“This is the story of women who hear music in their heads,” announces narrator Laurie Anderson, introducing Lisa Rovner’s fascinating documentary “Sisters With Transistors,” about the women who pioneered electronic music yet who aren’t household names.
The film is a vital historical corrective, inscribing the names of these women into history as the innovators, independent thinkers and trailblazers they were:
- Suzanne Ciani, who created a commercial career with her Buchla synthesizer.
- Clara Rockmore, a Lithuanian violin prodigy turned theremin virtuoso.
- Delia Derbyshire (composer of the “Doctor Who” theme) and Daphne Oram of the BBC Radiophonics Workshop.
- Éliane Radigue, a young Frenchwoman delving into the world of “sonic propositions” with the ARP synthesizer.
- Bebe Barron, a fixture of the Greenwich Village avant garde scene who composed the “electronic tonalities” of “Forbidden Planet” with her husband, Louis.
- Pauline Oliveros, a founding member of the San Francisco Tape Music Center and proponent of new music and deep listening.
- Maryanne Amacher, who captured the tones of the city while working at MIT and activated spaces with sound installations.
- Wendy Carlos, who melded classical and electronic with “Switched-on Bach.”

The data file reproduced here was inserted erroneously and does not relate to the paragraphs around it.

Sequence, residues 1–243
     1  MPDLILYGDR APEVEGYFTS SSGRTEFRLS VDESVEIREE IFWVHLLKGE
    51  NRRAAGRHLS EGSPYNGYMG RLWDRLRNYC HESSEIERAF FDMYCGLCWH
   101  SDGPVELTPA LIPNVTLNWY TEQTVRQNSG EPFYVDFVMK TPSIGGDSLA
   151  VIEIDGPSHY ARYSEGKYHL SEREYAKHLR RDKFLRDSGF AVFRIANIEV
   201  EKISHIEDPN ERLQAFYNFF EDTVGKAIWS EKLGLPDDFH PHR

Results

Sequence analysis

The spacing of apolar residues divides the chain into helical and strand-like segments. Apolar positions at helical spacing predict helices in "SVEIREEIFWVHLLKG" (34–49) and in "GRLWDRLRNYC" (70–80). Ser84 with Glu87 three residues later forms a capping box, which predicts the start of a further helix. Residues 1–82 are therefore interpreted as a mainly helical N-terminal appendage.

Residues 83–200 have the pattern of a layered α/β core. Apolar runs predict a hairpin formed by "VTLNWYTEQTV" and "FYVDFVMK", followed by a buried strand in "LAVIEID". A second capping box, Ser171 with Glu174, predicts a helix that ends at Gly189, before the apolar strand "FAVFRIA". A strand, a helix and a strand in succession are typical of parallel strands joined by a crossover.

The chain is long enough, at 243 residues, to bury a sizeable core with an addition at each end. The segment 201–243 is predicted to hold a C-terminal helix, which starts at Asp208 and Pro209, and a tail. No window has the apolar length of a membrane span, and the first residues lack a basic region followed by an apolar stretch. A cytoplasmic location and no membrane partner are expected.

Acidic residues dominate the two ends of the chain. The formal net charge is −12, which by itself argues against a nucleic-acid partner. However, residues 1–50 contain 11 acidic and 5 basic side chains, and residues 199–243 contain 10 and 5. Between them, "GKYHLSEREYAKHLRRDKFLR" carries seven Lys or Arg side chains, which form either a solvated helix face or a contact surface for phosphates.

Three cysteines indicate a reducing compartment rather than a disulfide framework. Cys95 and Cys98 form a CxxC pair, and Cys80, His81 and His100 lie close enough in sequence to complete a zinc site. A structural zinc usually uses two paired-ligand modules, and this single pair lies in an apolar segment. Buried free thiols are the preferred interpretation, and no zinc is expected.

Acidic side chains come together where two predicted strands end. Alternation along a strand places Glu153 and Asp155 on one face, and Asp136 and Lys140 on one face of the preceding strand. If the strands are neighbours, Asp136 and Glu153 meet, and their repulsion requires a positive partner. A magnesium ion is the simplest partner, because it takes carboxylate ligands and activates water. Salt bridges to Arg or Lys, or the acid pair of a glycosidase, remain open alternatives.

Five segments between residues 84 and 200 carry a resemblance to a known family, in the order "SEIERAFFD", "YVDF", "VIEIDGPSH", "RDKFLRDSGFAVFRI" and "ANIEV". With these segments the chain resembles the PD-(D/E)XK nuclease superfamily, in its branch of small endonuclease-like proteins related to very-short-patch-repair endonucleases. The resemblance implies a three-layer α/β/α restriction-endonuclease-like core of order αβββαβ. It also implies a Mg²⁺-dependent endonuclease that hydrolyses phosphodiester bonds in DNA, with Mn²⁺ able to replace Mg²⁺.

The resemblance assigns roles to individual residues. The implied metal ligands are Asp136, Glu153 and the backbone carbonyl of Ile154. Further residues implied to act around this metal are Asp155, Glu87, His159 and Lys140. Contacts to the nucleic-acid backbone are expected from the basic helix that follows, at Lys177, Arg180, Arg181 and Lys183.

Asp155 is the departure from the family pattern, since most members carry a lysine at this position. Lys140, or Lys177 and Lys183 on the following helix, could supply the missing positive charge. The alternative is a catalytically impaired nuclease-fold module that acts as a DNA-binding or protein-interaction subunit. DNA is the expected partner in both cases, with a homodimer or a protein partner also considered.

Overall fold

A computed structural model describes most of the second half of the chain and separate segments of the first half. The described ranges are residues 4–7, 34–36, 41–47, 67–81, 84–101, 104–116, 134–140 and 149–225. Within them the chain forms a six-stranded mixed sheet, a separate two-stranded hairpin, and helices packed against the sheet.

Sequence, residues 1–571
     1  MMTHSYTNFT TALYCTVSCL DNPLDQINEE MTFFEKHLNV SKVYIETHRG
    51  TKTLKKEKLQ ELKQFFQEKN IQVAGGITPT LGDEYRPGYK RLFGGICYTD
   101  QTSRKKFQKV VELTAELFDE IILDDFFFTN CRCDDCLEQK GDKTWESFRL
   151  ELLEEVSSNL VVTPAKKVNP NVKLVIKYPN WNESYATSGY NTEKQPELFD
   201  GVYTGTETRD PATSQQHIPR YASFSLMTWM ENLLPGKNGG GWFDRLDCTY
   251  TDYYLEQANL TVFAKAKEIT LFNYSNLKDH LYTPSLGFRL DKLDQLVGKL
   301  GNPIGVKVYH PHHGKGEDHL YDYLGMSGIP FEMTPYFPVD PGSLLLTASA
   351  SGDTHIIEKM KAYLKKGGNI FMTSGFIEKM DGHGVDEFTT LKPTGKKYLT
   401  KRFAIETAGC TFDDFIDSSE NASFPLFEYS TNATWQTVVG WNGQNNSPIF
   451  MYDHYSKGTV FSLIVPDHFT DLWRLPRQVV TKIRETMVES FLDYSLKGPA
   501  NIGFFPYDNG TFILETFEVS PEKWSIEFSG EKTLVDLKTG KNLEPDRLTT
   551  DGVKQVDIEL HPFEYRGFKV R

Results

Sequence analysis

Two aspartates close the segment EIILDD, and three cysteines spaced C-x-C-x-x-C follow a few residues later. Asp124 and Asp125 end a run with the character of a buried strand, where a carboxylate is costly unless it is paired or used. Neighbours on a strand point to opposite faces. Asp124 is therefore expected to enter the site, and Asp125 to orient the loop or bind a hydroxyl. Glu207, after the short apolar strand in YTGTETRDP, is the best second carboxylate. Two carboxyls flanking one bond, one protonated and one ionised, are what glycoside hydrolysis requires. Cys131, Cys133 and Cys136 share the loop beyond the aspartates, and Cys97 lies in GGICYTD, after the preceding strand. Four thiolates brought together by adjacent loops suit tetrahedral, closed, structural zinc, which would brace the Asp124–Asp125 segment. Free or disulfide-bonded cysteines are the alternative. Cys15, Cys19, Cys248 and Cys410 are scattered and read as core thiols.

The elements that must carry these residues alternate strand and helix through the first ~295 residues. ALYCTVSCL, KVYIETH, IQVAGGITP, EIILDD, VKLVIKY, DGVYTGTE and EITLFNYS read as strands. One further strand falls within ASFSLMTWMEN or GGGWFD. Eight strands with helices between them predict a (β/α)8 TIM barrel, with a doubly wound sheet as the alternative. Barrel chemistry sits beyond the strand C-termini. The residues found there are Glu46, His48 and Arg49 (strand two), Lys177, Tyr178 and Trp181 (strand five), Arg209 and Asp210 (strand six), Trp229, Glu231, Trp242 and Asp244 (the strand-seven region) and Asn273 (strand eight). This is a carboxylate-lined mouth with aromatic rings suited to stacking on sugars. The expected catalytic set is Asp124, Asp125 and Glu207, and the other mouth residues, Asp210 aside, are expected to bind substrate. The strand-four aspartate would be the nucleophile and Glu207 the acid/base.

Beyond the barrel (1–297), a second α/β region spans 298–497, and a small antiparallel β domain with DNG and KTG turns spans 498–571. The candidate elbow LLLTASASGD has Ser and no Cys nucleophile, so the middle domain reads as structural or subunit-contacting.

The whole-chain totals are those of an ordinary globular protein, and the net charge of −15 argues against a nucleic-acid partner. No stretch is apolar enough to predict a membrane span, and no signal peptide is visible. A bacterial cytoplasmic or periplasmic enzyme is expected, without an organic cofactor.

- Laurie Spiegel, a pioneer in the use of computers in composing electronic music.
While “Sisters With Transistors” is an important tribute to these women and their influence, it’s also a cinematic experience that melds the visuals to the abstract, hallucinatory sounds of their compositions. Working with archival footage, Rovner depicts the spaces that influenced their work: the air-raid sirens of the blitz in Coventry, planes taking off in Nice; the psychic environments of the antiwar movement of the late 1960s, the Cold War, the dream of liberation through technology.
As Anderson, in the beautifully-written narration, says, “the spirit of modern life was a banshee, screeching into the future.”
Rovner’s film is about the music these women made as a reflection of the time and space they inhabited, but it’s also about the way they forged ahead without role models or representations of female composers of any kind. Hopefully, “Sisters With Transistors” can fill that gap for a new generation.
This article was written by Katie Walsh from the Los Angeles Times and was legally licensed via the Tribune Content Agency through the Industry Dive publisher network. Please direct all licensing questions to firstname.lastname@example.org.
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